Commonly today referred to as the “Oya”, the traditional “Olla” or “Aulla”, an unglazed ceramic jar with a wide body and narrow neck, dates back to ancient Rome, where it was originally used for cooking and storage, and as a funeral urn. As Roman culture spread across Europe and co-mingled with other cultures, in Celtic Gaul the “Olla” found common usage in agriculture, and became a symbol of Sucellus, the God of agriculture. In later years “Ollas” found popular use as the required vessel for the preparation of localized foods in Spain and Catalonia.
Similar vessels became popular in the American southwest, and while they could have been introduced to the region by Spanish settlers it is more likely that Native American contemporaneously developed them on their own. In the New World they were used for storing water, cooking and serving, as well as for other uses.
But the primary use of the “Olla” was is irrigation, primarily among the Spanish and then Native Americans. As water slowly seeped through the unglazed ceramic walls of the Olla”, its use in agriculture become obvious, and widely used. “Ollas” would be buried in the earth with the necks sticking out above ground. Fruits and vegetables would be planted around the “Ollas”, and the “Ollas” were then filled with water. The slow seepage of water to the roots of the plants made for effective and efficient growth, with little waste through spillage or evaporation.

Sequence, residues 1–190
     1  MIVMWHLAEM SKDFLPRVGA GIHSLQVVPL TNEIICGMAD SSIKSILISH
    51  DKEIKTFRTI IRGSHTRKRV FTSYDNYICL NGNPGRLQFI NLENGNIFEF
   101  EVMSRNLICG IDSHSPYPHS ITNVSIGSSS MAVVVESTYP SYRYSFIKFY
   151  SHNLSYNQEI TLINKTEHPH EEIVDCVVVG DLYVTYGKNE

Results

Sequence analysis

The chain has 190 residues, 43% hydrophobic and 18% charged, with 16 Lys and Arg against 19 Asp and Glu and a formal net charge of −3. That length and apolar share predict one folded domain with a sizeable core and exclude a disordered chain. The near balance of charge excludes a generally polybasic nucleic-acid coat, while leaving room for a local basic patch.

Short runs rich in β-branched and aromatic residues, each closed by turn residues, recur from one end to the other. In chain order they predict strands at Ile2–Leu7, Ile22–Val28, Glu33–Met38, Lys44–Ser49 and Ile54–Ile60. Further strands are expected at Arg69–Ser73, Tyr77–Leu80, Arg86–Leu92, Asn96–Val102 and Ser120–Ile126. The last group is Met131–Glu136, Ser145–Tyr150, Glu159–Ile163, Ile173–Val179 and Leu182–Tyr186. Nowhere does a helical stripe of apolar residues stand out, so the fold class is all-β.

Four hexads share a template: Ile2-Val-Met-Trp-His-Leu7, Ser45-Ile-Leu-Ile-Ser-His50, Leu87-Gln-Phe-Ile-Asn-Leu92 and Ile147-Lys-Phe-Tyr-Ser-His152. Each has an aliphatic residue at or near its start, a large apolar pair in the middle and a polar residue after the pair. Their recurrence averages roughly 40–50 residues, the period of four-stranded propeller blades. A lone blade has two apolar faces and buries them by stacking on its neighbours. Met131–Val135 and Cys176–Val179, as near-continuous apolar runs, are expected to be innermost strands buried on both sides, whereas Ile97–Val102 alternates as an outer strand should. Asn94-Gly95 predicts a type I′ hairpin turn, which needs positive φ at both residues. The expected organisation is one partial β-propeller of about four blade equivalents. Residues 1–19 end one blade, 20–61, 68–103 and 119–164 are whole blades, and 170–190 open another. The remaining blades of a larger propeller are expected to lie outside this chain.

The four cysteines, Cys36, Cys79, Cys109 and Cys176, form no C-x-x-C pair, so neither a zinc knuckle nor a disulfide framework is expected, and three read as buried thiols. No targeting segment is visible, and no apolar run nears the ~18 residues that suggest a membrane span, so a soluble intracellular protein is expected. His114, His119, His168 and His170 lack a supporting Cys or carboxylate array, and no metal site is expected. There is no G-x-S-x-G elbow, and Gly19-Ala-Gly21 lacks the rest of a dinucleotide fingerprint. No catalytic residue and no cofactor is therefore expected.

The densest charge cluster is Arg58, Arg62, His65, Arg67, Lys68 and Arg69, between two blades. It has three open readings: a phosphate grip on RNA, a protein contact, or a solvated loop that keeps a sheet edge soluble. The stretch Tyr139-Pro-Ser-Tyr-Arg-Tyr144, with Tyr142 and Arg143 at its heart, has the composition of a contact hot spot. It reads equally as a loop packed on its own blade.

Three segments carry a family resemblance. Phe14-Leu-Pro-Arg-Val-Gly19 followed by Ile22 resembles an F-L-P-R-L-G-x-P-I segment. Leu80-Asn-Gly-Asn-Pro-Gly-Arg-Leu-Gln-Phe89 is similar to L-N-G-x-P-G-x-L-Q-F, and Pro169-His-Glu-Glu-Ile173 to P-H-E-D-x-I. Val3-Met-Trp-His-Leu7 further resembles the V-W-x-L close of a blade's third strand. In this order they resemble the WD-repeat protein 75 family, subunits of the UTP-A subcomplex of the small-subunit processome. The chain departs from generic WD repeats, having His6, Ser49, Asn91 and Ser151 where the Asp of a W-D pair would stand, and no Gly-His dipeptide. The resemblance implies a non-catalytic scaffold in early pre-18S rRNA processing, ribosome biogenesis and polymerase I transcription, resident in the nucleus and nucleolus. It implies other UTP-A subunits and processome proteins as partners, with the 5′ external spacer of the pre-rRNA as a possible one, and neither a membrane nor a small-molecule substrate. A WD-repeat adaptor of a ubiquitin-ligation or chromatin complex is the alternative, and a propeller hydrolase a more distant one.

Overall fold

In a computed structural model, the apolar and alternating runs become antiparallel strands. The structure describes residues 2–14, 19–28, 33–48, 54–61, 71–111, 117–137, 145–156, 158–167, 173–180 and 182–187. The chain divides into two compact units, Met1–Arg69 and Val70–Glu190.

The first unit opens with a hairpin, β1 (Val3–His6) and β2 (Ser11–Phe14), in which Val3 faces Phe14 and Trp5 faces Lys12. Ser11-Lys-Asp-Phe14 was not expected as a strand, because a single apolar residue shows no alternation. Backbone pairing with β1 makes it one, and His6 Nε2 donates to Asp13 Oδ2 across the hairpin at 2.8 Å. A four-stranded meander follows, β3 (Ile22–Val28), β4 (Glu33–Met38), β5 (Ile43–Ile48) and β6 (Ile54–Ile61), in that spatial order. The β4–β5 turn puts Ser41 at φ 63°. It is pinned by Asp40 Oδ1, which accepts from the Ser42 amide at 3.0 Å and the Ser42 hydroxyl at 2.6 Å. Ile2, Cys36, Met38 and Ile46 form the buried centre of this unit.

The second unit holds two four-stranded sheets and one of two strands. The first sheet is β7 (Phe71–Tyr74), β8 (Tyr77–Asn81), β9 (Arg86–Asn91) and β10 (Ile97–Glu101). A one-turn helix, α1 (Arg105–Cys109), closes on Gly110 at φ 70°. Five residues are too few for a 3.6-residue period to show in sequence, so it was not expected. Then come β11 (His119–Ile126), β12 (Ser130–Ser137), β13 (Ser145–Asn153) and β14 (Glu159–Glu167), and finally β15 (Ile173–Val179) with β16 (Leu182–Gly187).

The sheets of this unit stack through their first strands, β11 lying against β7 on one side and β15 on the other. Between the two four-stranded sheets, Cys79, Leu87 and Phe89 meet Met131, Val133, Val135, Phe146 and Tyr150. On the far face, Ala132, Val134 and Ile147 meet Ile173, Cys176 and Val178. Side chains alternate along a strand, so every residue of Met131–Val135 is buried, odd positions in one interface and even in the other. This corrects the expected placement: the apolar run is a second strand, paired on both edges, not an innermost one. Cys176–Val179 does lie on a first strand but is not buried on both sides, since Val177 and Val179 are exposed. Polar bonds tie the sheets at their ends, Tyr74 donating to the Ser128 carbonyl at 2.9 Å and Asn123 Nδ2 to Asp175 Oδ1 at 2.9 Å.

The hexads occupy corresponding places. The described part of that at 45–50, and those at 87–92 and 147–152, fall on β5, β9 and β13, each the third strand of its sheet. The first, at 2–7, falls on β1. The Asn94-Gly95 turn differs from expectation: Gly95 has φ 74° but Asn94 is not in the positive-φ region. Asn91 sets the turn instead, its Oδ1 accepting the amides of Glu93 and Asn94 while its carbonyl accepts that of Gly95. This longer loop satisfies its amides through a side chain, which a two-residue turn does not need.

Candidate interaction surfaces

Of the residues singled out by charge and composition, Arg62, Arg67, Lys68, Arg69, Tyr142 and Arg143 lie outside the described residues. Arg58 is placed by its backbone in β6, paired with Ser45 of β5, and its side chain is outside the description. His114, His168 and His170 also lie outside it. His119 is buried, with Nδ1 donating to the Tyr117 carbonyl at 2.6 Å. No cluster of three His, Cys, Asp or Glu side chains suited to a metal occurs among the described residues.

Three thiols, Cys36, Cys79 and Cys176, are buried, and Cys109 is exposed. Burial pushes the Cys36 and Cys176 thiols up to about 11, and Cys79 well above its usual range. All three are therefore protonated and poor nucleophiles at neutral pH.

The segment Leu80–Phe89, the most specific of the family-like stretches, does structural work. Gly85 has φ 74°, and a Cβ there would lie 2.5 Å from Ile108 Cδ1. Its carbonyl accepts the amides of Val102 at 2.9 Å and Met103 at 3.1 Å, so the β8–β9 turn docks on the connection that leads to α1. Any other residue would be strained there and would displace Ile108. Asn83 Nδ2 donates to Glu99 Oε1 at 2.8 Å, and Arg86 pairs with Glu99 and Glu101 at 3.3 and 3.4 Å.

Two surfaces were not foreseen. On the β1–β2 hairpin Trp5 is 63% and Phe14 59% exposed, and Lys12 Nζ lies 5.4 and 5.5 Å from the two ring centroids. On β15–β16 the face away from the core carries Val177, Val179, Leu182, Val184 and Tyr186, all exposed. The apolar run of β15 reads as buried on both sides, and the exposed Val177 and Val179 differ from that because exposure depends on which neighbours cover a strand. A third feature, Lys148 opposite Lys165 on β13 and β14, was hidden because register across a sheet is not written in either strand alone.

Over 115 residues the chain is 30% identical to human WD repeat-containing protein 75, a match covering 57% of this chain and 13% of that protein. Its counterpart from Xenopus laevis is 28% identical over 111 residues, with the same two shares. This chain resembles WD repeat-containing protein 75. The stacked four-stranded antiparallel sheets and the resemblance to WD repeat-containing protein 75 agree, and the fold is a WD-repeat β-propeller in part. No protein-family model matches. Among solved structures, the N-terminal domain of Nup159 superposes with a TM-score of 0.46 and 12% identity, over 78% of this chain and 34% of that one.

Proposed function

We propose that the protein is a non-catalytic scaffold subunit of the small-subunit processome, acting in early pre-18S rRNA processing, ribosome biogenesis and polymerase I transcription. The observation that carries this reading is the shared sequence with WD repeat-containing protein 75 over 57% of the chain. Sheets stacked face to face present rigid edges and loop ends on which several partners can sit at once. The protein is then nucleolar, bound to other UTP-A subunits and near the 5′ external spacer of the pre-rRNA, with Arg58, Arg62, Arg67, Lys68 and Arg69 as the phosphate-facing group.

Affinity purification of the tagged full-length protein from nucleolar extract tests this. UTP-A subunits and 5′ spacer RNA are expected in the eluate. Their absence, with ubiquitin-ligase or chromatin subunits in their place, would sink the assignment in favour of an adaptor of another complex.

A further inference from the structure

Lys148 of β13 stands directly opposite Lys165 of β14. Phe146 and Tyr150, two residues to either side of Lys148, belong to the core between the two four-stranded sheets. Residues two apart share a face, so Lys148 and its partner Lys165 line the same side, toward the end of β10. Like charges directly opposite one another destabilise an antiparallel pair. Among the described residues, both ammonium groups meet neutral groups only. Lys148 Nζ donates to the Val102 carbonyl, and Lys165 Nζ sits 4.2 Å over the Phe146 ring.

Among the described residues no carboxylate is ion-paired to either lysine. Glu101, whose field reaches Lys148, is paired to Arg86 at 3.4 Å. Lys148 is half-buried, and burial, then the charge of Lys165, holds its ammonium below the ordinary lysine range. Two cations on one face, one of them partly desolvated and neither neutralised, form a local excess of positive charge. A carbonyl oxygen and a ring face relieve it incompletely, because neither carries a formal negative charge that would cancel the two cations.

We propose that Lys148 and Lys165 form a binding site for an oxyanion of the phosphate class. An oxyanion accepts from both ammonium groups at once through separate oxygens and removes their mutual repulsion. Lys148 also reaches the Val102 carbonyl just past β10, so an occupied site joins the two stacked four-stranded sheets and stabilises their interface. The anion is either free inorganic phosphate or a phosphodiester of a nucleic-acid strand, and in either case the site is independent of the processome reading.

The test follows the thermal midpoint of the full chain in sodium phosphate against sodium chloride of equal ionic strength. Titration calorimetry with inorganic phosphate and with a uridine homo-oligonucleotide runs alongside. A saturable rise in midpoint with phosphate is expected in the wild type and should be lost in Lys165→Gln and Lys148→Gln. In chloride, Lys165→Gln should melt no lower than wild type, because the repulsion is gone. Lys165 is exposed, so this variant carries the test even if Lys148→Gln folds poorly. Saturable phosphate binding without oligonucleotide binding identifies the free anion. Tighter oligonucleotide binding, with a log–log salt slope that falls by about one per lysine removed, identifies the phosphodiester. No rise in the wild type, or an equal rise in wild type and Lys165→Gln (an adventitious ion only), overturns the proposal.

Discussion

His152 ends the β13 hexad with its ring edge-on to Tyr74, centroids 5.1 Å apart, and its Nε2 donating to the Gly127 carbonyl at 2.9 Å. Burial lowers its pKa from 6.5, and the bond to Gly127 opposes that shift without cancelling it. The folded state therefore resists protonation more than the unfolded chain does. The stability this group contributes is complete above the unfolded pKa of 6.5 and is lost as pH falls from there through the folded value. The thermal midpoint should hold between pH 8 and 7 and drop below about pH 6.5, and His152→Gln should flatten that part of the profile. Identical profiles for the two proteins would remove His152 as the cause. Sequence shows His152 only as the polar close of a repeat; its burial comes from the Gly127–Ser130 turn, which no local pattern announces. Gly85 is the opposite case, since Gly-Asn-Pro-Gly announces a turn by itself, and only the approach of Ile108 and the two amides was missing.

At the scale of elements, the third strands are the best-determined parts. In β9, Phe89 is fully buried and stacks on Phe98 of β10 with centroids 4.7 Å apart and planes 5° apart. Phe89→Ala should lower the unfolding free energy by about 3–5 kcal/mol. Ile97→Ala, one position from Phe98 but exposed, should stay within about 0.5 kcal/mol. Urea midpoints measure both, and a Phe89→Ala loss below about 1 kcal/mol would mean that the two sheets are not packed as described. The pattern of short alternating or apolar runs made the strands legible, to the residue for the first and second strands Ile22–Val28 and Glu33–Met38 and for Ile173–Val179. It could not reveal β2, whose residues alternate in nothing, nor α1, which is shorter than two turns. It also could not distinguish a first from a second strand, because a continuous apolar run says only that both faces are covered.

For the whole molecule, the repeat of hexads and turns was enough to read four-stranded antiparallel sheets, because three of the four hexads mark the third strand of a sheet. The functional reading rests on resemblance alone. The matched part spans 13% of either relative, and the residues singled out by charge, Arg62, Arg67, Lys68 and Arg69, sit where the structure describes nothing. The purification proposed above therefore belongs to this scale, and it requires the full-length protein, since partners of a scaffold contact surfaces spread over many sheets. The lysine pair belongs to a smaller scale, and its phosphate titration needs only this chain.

With today’s climate crisis and pervasive drought conditions, the use of the “Olla” is a water-saving and cost-saving effective way to garden for virtually anyone with a little plot of land where they wish to grow vegetables, fruit or decorative, flowering plants. Continue reading